Notice how this goes against all what Perl authors have proudly said for years; that "Perl objects do not enforce privacy (unlike those other languages...), but rather they ask the client to respect the contract; too bad for the client if he does not". Instead, Damian Conway suspects the exact opposite scenario: if users of the class "break the contract", and months later the class designer modifies the class internals, guess who the "pointed-hairy boss" will blame? It is intriguing that this insight on how the real world works comes from an university professor; and he is completely right (I would add this: even when the boss is not unintelligent, the needs of the "existing applications" will prevail, by inertia laws; unless you have an extraordinary collection of personalities in your office).
But the advantages of the new implementation go much further than preventing political clashes; see the benefits for Inheritance (no collision of attribute names), and for complex Class Hierarchies. Even the eternal problem of constructors under Multiple Inheritance ("diamond" case) is solved: in one of the most memorable observations, the author exclaims (p.378): "the real problem is not that there aren't enough constructor calls; it's that there are too many!". A fantastic solution follows; you can love it from an architectural standpoint, and from a programming one (see ex 16-9, where the class' parents are ejected from the top of a list, while the grand-parents enter from the back; in a few lines, the whole hierarchy is collected, and the calls to "Builders" can be automated). Talk about "practices, and coding style"; this is Architecture, Design, and Programming at their best!
One last note for novice programmers: do not see this as a book only for advanced programmers; on the contrary, it is useful at all levels in Perl. Students of "Learning Perl" or "Intermediate Perl" should begin to read (in parallel) relevant chapters of this book, so that at the same time that you learn new areas and skills, you simultaneously "polish" them.
In fact, the book's lesson is: software "Enthropy" or "Desorder" must (and can) be fought systematically, from day 1, from the first line of code; it does not matter if it takes a bit more time; just do the right thing.
on April 25, 2006
This book is a treasure. I love perl and have 2 bookshelves filled with perl books. Most of them I looked through once - and then kept for reference. But this book (Perl Best Practices) somehow pulled me in - and I ended up reading every page of it. Why? Because I was finding elegant ways of writing the code. Note that I was writing Perl scripts every day for the last 10 years. So you would think I don't need instruction. Still after reading the PBP book, I am now doing many things differently.
Damian compares different styles of writing the code, explains potential problems (sometimes very subtle and difficult to catch), and explains how to write the code which is more readable and maintainable.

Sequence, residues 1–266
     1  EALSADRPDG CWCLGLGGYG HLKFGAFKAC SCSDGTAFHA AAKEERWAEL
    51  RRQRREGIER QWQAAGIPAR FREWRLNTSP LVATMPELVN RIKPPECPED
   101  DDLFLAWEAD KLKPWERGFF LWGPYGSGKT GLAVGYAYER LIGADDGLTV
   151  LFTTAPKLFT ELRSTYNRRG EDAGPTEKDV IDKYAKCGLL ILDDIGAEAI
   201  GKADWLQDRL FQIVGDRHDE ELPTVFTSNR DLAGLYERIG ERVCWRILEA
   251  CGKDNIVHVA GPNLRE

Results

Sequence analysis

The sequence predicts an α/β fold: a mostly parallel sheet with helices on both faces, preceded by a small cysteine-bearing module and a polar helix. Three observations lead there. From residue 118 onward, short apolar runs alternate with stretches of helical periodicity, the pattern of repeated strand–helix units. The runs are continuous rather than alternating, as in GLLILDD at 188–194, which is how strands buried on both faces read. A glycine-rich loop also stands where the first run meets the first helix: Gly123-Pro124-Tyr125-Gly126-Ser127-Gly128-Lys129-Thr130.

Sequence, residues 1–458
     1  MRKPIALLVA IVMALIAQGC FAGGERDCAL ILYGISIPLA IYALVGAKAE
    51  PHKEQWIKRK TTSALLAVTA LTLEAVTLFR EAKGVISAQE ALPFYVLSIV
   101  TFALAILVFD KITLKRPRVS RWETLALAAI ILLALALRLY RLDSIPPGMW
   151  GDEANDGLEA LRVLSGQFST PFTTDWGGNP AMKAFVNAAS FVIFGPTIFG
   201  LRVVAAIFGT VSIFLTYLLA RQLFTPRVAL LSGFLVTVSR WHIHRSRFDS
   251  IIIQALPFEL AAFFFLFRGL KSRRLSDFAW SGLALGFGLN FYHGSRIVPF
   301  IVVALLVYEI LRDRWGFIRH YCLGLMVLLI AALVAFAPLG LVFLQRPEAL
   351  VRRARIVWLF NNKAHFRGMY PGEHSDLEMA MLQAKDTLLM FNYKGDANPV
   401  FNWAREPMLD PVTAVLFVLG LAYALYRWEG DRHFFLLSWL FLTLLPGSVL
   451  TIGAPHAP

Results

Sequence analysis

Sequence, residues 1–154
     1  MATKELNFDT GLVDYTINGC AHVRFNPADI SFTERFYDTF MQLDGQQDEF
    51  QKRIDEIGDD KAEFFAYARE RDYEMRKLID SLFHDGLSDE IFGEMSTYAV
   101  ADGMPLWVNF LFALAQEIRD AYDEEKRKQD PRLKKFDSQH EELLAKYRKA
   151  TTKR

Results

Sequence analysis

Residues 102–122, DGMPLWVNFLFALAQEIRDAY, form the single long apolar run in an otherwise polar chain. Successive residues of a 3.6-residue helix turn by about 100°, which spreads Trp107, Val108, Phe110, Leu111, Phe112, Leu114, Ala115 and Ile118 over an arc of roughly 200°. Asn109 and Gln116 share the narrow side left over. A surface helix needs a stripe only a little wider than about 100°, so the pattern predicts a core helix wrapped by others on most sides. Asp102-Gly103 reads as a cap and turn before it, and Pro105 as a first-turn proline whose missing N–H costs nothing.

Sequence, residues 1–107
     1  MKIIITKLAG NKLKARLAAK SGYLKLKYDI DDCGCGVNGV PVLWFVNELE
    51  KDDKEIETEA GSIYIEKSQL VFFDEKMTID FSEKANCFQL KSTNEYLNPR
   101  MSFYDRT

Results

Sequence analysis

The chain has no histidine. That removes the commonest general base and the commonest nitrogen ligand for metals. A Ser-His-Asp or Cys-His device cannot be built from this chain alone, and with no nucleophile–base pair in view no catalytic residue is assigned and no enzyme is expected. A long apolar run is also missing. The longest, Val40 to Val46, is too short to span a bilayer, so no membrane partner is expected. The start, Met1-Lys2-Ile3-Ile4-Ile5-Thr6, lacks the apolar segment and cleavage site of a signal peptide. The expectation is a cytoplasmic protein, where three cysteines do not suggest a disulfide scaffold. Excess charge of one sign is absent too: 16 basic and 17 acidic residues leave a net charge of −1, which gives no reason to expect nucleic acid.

I highly recommend this book. Whether you are a newbee or a veteran - you will enjoy reading it.
on May 28, 2014
Perl is frequently criticized for being messy, hard to read, and unmaintainable... a complaint which is not without merit. Perl Best Practices is a direct response to that criticism, and goes a long way towards resolving those issues. Any team, or any individual for that matter, who is writing Perl code for a living should read this book and implement it's recommendations.
Perl is an extraordinarily flexible language, which by design puts as few constraints on the programmer as possible. This freedom lets it do amazing things, and is part of what makes Perl so powerful, but it is a double-edged sword. The fact that the language itself does not force you to conform to an arbitrary style of "good" programming means that the onus is on the programmer to be self-disciplined. Perl Best Practices (PBP) provides guidelines for that self-discipline, and the tool it inspired - perlcritic - provides an enforcement mechanism.
on July 15, 2007
Not only the best Perl book I've ever read, it's also one of the best programming language books, period.
If you've ever programmed C++ or Java, you'll know how revered the likes of Effective C++ and Effective Java are, a series of tips, suggestions, idioms, advice and commandments. This is the equivalent for Perl, except it's even more thorough and covers even more ground, from brace layout and statement formatting, to regexes, unit testing, documentation and command line parsing.
There's also an exceptionally good chapter on object orientation, wherein author Damian Conway guides the reader through the use of his own Class::Std module. If you're using objects in Perl, and you're still rolling your own, you're really making life unnecessarily difficult for yourself. Class::Std provides object features reminiscent of CLOS, and makes Perl competitive with the likes of Python and Ruby when it comes to objects. Class::Std has changed the way I code Perl forever, and I know I'm not the only one. Seriously, this chapter is worth the price of admission on it own.
It's hard to overstate just how much excellent stuff there is in here, there's even useful emacs and vi settings provided! And I've not even mentioned how well written it is. Damian Conway really does prove himself the master of witty examples.
Perl Best Practices is just brilliant. Absolutely essential reading - don't code Perl without it.